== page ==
One of the things we’ve been committed to experimenting with in the past few years is reducing tillage on our farm—in other words, fewer tractor passes through our fields and less turnover of the soil. We normally use tractors to cull weeds, turn under our cover crops, and make beds ready for planting after we have disked a field. We’re trying to reduce the use of tractors and soil turnover in two ways. The first is by using black poly mulch on our beds, and the second is by using our cover crops as mulch. The former has proven itself to have been an interim success, while the latter is our ultimate hope and long-term strategy.
The use of poly mulch on the surface of our beds started about three or four years ago, despite our immense dislike of plastic. We trialed it in our early tomato plantings, and what we quickly realized was that the plastic cover significantly reduced our energy and water use. Petroleum comes in many different forms—plastic is one, diesel fuel is another. After using the plastic only one time, it was clear to us that we were seeing several big benefits with regard to energy, water, and soil/plant health.
First, when the beds are covered with plastic, the weed pressure is next to nothing, and we might end up doing one very light tractor cultivation on the sides of the beds in the furrows, rather than having to do multiple cultivations across the fields. This significantly reduces not only tractor traffic, but also the hand labor we might otherwise need for weeding and hoeing. In the past, we needed to do a lot of hand weeding in the early tomatoes. We’d cover the early plants to protect them from frost. When the beds are covered, it creates a great environment for the plants, but also for the weeds, and when we uncovered the beds, there was always a bit of a jungle to deal with. Now that we’re using black plastic mulch in the early tomatoes, we have the tomato plants growing through a hole in the plastic, and there’s very little weed pressure. The savings in labor is tremendous.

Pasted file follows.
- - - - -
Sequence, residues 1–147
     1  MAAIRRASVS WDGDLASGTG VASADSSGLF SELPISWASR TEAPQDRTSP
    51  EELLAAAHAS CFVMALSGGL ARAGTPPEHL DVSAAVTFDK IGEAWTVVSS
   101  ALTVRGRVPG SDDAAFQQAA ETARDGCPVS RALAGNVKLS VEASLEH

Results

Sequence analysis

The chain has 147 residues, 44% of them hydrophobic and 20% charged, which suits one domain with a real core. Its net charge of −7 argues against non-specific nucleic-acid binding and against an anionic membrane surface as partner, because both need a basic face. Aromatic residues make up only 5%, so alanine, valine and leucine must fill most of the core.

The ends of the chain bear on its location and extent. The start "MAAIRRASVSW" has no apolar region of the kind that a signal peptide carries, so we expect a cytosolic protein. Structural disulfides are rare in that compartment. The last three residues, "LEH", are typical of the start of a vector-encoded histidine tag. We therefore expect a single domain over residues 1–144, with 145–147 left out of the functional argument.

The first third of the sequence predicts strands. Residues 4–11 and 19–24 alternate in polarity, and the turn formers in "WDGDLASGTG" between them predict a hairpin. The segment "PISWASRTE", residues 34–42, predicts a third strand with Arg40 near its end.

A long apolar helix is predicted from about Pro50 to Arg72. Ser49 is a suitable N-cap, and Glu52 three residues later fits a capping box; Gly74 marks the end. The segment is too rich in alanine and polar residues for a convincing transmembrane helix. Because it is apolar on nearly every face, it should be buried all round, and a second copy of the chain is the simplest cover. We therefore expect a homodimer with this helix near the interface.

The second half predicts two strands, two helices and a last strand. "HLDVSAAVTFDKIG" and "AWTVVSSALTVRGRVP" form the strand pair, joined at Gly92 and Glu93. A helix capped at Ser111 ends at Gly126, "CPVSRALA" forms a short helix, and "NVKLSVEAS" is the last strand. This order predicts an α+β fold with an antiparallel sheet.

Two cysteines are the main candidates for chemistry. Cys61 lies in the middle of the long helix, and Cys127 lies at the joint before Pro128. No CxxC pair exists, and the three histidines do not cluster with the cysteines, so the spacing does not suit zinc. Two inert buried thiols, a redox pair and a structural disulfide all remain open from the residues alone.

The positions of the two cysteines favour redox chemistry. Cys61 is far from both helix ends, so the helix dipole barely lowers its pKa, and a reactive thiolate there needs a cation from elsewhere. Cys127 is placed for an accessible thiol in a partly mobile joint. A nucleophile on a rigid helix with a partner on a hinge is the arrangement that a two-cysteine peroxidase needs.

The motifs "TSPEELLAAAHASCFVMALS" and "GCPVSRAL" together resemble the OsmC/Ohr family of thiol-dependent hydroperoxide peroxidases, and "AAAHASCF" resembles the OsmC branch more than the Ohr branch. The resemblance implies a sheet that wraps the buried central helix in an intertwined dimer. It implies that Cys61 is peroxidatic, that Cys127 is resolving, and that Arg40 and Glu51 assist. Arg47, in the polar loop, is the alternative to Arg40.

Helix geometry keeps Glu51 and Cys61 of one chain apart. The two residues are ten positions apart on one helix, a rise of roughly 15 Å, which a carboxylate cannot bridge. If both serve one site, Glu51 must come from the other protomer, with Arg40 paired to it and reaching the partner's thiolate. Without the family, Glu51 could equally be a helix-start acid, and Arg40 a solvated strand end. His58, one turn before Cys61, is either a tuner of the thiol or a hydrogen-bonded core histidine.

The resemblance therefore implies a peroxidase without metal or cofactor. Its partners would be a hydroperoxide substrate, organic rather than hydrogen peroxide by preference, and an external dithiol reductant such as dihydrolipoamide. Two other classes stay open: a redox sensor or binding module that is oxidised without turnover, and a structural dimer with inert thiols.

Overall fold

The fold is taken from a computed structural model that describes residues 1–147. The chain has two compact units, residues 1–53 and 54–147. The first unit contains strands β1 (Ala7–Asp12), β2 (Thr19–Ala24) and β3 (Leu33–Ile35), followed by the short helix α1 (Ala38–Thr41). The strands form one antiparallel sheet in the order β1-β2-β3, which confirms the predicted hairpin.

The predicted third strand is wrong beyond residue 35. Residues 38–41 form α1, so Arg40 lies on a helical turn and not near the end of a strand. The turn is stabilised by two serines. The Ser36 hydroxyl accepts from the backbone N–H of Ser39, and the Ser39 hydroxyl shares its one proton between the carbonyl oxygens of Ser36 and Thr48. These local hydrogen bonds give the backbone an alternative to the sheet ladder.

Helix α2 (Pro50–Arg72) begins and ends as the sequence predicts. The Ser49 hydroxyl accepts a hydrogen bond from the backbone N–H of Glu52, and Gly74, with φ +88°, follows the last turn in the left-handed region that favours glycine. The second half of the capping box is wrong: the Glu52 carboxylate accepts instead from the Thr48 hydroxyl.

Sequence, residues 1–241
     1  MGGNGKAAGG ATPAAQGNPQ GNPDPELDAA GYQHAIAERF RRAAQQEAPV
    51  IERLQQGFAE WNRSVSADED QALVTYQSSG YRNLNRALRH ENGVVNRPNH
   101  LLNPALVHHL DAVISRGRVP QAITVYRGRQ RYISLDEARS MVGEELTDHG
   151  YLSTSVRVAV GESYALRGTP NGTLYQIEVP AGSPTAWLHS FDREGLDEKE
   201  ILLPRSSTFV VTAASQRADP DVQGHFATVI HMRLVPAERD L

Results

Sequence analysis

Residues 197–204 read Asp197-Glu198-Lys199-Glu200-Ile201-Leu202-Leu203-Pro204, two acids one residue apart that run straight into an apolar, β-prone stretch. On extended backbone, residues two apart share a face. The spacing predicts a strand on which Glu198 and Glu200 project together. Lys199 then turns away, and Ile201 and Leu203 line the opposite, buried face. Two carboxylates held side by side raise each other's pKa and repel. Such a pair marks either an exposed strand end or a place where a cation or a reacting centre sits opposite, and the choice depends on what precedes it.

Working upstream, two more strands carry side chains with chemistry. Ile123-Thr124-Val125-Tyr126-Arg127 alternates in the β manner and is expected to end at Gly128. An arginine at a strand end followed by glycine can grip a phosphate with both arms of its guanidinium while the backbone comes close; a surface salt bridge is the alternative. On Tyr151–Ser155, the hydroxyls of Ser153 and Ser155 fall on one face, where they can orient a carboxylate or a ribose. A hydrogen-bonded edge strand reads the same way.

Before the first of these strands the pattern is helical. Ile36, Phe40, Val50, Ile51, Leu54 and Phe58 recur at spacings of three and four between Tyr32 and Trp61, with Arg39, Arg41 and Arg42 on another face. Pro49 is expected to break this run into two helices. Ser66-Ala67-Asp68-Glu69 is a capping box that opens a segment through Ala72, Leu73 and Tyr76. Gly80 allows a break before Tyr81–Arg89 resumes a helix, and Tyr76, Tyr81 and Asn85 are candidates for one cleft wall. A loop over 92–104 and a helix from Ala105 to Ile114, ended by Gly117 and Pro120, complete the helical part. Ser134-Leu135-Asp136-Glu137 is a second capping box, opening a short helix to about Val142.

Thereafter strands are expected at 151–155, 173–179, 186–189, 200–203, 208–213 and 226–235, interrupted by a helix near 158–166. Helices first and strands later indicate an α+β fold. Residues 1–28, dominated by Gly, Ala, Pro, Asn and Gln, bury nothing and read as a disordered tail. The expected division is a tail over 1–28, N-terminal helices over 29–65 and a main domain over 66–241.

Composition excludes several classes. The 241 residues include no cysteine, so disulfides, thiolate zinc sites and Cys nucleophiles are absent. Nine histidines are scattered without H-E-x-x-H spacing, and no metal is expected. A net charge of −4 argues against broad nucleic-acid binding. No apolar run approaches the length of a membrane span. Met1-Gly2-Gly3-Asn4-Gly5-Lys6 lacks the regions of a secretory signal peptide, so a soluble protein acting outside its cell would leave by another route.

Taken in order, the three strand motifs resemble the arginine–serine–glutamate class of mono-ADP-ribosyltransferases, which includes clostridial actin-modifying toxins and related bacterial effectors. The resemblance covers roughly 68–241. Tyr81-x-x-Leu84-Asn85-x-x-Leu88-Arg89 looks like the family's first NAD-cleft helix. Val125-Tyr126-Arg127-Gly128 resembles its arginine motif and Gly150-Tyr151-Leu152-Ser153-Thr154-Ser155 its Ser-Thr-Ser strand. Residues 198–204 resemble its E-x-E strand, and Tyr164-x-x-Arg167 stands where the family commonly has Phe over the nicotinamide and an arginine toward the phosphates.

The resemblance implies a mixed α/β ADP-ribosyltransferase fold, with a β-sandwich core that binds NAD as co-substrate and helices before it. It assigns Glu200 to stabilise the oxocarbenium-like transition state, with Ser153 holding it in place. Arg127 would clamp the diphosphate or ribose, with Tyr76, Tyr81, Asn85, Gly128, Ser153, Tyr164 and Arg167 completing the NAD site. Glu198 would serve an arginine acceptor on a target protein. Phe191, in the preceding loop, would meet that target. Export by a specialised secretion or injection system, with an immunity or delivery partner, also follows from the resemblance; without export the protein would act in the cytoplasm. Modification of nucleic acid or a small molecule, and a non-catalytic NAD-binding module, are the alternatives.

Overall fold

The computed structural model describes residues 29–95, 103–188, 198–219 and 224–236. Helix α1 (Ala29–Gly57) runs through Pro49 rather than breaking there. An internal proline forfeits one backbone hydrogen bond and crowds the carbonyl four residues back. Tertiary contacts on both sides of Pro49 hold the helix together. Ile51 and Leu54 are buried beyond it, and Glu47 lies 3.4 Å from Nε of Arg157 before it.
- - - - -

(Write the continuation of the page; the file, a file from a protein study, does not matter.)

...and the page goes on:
There’s a second reason that we’ve tempered our dislike of black plastic: we’re seeing a reduction in water use of 25 to 30 percent. The mulch covers the bed and helps the soil to retain moisture much longer—it’s not being lost to evaporation. Because of the drought conditions, we’ve been looking at ways to increase our already fairly proactive water efficiency practices, and we are really impressed by the water conservation from the plastic mulch. We used it not only on summer crops last year, but also on some fall crops that were planted in late summer. The water conservation and the success of those crops was remarkable. They may have been some of the most productive and best crops we’ve ever grown.
The third (and in many respects the most important) reason we came around was that we’ve found that the ground is incredibly friable under the black plastic. Without mulch, the biology dives deeper and all the critters and microorganisms remain deeper in the soil, out of the heat and dry zone. With the plastic mulch, moisture is retained in the bed all the way to the surface, so we see roots and biological activity all the way to the surface as well. The effective biologically active rooting zone has increased, which means direct plant benefit from this soil improvement.